Eat Out To Help Out was designed to lift spirits on both sides of the bar, an August freebie intended to boost hospitality businesses returning to trade after lockdown, and customers who had endured months at home.
If the chancellor was hoping it would also help keep economic recovery on track, however, he may be disappointed.
The August GDP estimate from the Office for National Statistics is a case of glass half empty, showing growth of just 2.1%, a marked slowdown on the 6.6% recorded in July and almost 9% in June.
The disappointment will be felt beyond the Treasury.
Economists had earmarked August as the last month that might deliver “chunky” growth comparable with the last three months, before autumn and the return of the outbreak took a further bite out of consumer confidence.
Instead, the levelling off of the recovery leaves the economy still a huge 9.2% smaller than it was in February, and the longed-for V-shaped recovery looking more optimistic than ever.
With expectations of growth of up to 5% in August, the hangover has kicked in fast.
Eat Out To Help Out did help deliver growth in restaurants and bars.
Taken together with accommodation, which benefited from people holidaying at home, whether they wanted to or not, the services sector grew 71%, and contributed more than half of the overall economic growth for the month.
Elsewhere the economy appeared to flatline, with only the construction, transport, education, health and other services managing growth of more than a single percentage point.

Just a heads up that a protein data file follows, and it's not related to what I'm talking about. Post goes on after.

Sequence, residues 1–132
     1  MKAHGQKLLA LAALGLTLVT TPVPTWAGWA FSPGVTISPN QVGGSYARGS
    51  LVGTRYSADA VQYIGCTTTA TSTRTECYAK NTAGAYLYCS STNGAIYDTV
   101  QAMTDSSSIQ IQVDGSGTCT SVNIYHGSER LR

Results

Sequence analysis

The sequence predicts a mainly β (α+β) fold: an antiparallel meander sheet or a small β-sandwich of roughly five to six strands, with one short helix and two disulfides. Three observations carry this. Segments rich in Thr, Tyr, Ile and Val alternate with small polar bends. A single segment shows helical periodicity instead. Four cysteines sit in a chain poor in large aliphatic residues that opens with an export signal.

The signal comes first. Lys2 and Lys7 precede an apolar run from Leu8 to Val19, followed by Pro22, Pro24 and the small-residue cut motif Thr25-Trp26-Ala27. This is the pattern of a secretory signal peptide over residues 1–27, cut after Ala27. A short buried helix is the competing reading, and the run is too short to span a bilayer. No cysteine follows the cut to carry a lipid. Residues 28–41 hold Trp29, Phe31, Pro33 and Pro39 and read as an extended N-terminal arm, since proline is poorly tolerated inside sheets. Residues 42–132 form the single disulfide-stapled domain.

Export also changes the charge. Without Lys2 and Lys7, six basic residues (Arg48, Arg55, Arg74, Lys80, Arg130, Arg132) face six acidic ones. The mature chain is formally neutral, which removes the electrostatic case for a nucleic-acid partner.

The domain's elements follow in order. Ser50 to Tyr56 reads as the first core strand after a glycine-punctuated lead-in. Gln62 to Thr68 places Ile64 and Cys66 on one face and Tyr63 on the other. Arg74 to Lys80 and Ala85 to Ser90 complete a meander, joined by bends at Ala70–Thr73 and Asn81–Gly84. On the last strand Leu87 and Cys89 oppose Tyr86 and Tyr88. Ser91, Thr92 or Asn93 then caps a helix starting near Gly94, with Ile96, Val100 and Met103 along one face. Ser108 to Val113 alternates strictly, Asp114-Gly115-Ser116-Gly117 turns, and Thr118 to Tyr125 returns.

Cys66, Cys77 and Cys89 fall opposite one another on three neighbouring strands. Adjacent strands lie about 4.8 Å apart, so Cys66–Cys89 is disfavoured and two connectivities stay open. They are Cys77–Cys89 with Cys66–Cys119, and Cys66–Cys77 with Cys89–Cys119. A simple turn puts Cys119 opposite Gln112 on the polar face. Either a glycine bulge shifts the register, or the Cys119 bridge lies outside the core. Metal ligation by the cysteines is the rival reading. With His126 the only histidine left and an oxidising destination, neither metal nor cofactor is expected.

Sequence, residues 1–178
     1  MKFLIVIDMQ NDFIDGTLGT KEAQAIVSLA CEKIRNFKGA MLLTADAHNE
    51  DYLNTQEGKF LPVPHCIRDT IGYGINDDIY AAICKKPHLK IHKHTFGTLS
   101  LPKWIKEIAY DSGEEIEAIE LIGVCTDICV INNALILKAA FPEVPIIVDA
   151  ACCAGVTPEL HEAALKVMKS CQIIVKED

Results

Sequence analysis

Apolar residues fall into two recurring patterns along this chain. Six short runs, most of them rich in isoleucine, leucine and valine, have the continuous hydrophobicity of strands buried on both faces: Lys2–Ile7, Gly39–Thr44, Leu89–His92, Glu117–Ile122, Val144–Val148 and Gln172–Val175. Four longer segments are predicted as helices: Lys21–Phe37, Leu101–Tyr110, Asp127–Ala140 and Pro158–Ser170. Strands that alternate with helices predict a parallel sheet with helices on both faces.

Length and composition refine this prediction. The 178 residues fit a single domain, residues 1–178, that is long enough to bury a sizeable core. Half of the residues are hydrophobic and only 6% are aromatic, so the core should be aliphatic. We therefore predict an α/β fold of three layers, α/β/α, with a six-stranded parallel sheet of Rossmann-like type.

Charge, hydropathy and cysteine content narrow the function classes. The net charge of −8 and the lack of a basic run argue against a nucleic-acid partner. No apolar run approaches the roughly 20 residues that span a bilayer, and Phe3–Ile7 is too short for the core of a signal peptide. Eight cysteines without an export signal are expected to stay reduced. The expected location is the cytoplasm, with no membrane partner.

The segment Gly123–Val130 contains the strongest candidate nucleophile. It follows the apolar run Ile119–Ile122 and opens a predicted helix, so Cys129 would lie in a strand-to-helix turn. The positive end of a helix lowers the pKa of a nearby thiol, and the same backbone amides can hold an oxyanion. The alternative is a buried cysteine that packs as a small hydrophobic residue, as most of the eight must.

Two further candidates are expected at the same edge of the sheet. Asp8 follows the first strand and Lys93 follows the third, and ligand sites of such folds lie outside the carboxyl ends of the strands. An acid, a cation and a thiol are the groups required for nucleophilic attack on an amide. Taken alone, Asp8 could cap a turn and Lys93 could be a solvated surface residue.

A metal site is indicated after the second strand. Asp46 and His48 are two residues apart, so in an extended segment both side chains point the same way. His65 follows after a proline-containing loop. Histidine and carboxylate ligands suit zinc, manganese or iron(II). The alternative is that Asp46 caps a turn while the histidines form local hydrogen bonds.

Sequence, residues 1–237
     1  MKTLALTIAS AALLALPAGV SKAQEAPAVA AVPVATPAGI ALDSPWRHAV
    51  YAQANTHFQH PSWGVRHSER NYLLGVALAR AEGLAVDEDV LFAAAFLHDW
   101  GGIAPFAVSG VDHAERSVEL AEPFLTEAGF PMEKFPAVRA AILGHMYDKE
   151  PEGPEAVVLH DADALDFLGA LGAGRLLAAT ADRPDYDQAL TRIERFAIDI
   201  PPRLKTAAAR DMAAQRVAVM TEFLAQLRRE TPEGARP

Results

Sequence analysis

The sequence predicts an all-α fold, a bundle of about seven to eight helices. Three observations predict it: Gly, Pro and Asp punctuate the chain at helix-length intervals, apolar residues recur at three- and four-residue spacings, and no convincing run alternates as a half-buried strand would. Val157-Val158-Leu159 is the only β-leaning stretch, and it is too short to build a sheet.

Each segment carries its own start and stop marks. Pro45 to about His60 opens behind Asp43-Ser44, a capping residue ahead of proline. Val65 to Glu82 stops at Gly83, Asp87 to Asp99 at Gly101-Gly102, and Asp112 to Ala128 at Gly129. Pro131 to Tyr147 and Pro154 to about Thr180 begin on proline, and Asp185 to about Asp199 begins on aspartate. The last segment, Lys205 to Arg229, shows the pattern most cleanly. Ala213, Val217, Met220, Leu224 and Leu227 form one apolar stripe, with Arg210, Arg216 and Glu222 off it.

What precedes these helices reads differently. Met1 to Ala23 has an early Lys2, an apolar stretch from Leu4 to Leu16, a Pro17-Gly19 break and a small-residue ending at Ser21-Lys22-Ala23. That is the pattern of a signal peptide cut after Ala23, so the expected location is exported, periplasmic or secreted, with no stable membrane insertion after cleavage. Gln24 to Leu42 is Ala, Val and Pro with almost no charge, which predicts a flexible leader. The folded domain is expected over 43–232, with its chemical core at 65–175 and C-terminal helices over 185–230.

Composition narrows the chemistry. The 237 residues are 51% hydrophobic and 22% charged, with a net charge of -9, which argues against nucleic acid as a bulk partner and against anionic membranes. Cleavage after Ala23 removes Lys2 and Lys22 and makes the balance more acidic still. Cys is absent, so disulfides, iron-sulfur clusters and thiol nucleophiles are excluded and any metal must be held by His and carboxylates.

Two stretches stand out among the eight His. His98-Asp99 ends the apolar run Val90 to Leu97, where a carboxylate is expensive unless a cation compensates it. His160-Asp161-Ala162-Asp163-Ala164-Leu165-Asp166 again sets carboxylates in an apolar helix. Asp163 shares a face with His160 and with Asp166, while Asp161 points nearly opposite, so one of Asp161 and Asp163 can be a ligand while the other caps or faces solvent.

Coronavirus: Where the jobs have been lost
Other services rose just 2.4% month-on-month, with uncertainty over the future shape of the pandemic restraining consumption, and the boost delivered by the initial return to shops in mid-June having worn off.
Construction, helped by house building, bounced back 3% but manufacturing remains stricken with just 0.7% of growth, with car production stalled and aviation grounded.
These figures show the economy is still 9.2% smaller than it was in February, a yawning gap that is unlikely to be clawed back by the end of this year, and perhaps next.
Responding to the figures as he prepared to revive the furlough scheme for businesses caught in local lockdowns, Chancellor Rishi Sunak did not mention Eat Out To Help Out. He focused instead on “four consecutive months of recovery” and his familiar script about protecting jobs being a priority.
He has previously acknowledged that the UK economy is heavily reliant on consumer services, and these figures suggest that has never been more true.
That puts the economy in a perilous state.
Having spent the summer paying us to go out for dinner and urging us to go back to work, the government has now reversed the message and has highlighted hospitality as a primary cause of the second wave (despite disputed evidence).
With winter about to bite, consumers confused as well as wary, and “local” lockdowns about to close hospitality businesses across northern England as well as Scotland, services cannot be relied on to keep the economy moving over the coming months.
It may be that the most significant impact of Eat Out To Help Out was on infection rates rather than economic wellbeing. No-one will raise a glass to that.